Recommended for children 3-12 years.
Bed-wetting is a common problem. About 16 percent of children age 5 years old and 2 percent of children age 15 years old continue to wet the bed. In most cases, bed-wetting is not caused by an underlying medical problem. However, it can become a problem if it interferes with the child’s self confidence or ability to socialize with friends. Parents should remember that bed-wetting is completely involuntary, and the child should not be spanked, teased, scolded, or punished for wetting the bed. Seeking medical advice is warranted when the child has symptoms that go beyond bed-wetting (see below). The initial treatment of bed-wetting can be done by the parents. This treatment includes education and motivational therapy that requires that the child be mature enough to cooperate with the treatment. The child should not be forced to assume any responsibility that he/she is not ready to handle.
Strategies for Addressing Bed-Wetting
- Let your child know it is not his/her fault and that a lot of kids have this problem.
- Create a plan with your child that includes daily routines, reminders, and rewards for staying dry.
- Spread out your child’s drinks throughout the day and avoid drinking a lot just before bedtime. Avoid drinks in the evening that contain sugars or caffeine.
- Remind your child to use the bathroom right before going to bed.
- Encourage your child to get out of bed and use the bathroom if he/she wakes up at night. Keep a night light in the bathroom and hallway so that he/she can easily find the toilet. Do not using diapers, training pants, or pull-up pants at home since this will make the child less motivated to get out of bed. These items may be used for overnight visits with family or friends.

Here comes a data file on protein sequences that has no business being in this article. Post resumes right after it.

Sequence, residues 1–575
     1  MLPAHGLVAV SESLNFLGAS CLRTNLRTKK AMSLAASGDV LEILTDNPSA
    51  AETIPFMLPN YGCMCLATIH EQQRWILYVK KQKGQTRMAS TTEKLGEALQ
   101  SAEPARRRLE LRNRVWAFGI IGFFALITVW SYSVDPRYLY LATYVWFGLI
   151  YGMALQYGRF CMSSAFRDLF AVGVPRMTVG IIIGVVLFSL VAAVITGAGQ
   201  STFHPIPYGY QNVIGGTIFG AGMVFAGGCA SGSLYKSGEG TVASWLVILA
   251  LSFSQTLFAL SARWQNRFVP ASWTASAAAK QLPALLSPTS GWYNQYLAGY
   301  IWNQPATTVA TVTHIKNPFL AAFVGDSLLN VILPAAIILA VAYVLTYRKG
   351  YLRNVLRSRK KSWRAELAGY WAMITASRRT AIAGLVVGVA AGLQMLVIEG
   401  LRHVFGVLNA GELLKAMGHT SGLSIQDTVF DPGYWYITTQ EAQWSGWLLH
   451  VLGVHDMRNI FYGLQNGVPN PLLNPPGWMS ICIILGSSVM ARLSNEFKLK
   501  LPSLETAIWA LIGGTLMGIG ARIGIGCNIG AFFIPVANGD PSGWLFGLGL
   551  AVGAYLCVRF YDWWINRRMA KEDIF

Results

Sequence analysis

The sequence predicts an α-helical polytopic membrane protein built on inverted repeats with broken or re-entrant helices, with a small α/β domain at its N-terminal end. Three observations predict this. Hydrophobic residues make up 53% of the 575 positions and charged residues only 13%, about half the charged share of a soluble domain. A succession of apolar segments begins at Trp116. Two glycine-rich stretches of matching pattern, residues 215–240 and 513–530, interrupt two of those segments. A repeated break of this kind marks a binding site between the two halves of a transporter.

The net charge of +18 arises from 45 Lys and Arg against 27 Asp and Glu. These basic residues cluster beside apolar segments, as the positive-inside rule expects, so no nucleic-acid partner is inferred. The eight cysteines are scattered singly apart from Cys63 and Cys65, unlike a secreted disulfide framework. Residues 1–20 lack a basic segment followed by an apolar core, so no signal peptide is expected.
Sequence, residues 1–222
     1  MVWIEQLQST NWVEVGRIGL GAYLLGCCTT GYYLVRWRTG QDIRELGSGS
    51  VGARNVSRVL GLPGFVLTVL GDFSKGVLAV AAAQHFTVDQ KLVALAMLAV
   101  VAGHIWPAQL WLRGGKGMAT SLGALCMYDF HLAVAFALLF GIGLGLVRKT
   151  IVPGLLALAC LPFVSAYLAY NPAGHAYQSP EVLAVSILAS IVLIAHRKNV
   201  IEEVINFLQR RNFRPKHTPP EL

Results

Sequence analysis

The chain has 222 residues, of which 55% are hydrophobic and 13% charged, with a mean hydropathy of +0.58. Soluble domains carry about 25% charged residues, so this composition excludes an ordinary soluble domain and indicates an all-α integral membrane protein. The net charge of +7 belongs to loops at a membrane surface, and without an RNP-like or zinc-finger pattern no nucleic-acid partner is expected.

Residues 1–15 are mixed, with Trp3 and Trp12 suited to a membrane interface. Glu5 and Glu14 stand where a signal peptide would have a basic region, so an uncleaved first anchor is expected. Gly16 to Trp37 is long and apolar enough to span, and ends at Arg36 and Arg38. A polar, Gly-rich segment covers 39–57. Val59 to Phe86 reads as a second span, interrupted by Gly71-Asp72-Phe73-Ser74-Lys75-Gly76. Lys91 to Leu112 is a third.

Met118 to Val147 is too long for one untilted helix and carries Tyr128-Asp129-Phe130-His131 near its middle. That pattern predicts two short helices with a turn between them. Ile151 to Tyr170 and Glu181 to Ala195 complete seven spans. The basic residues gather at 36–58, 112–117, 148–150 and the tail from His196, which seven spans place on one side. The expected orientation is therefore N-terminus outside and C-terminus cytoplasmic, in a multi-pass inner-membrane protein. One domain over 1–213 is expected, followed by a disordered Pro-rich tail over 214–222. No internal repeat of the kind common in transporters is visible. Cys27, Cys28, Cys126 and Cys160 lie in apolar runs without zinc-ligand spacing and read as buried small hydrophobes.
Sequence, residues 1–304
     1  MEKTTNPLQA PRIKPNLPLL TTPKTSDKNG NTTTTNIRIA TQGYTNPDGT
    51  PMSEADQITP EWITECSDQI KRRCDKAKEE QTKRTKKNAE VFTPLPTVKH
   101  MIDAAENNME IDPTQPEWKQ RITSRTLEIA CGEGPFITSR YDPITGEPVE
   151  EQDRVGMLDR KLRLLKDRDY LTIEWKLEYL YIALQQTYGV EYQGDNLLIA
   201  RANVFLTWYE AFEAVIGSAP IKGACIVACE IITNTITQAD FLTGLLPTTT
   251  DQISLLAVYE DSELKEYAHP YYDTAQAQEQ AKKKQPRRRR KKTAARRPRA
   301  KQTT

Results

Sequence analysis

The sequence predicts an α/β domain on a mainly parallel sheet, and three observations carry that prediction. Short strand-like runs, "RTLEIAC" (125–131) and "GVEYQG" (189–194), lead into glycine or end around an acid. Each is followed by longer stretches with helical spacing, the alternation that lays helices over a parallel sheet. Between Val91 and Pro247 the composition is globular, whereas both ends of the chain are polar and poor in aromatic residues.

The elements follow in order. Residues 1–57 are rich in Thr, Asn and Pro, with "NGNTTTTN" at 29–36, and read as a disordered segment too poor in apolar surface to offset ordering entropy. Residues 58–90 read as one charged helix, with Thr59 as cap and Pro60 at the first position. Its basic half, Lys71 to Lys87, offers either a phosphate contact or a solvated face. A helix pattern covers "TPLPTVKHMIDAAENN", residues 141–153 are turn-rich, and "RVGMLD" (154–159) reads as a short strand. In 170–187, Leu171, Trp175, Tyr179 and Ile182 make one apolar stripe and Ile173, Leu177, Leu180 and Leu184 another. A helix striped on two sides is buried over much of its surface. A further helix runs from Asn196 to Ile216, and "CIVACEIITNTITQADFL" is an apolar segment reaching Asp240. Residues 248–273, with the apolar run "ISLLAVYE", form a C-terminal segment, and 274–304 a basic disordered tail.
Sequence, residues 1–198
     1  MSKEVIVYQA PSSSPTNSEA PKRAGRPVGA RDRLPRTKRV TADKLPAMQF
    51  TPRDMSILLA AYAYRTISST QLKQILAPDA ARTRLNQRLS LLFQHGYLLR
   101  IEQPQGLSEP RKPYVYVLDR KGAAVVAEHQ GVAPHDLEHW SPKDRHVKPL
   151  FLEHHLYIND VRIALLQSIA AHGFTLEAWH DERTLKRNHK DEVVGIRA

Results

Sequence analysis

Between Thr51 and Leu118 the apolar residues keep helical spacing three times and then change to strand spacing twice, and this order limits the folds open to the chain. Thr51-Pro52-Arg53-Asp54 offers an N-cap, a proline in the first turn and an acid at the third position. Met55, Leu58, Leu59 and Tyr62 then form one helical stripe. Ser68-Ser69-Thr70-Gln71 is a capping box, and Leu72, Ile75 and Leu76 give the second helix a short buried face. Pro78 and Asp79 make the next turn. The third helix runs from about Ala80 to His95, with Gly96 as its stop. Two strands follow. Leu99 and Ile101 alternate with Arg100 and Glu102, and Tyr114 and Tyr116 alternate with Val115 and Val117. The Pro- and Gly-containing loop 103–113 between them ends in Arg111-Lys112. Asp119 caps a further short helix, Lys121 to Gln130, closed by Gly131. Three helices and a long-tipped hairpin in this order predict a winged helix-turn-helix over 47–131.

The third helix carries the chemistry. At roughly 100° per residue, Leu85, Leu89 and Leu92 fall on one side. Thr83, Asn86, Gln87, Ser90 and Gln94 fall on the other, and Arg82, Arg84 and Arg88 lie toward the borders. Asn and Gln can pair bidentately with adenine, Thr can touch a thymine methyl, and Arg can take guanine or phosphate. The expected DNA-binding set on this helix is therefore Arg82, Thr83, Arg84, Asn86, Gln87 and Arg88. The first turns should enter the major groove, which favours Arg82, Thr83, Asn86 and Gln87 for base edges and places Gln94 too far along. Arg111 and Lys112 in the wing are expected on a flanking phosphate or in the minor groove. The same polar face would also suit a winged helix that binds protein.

- Have a plan in case an accident does happen. Have an extra set of pajamas and a towel ready so that your child can find them easily. Cover the child’s mattress with several alternating layers of plastic covers and bed sheets so that the mattress is protected and can be remade quickly after an accident.
When to seek expert advice
Even though at home treatment can be started without medical advice, parent should feel free to seek professional advice at any time. Additionally, parents should seek medical attention if the child experiences a sudden change in his/her urination frequency or urgency, has difficulty initiating urination, has burning with urination, or if the urine has a strange odor. Other symptoms include swelling of the ankles and feet or an increase thirst. These symptoms may indicate a more serious condition that may need medical treatment before any bed-wetting treatment is attempted. Finally, parents should be aware that treatment can often be prolonged and may involve cycles of success and failure. A healthcare provider will have additional information and treatment options to help the child. These may include recommendation for bed-wetting alarms and medications.
Contributed by Thuc Duy Phan, MD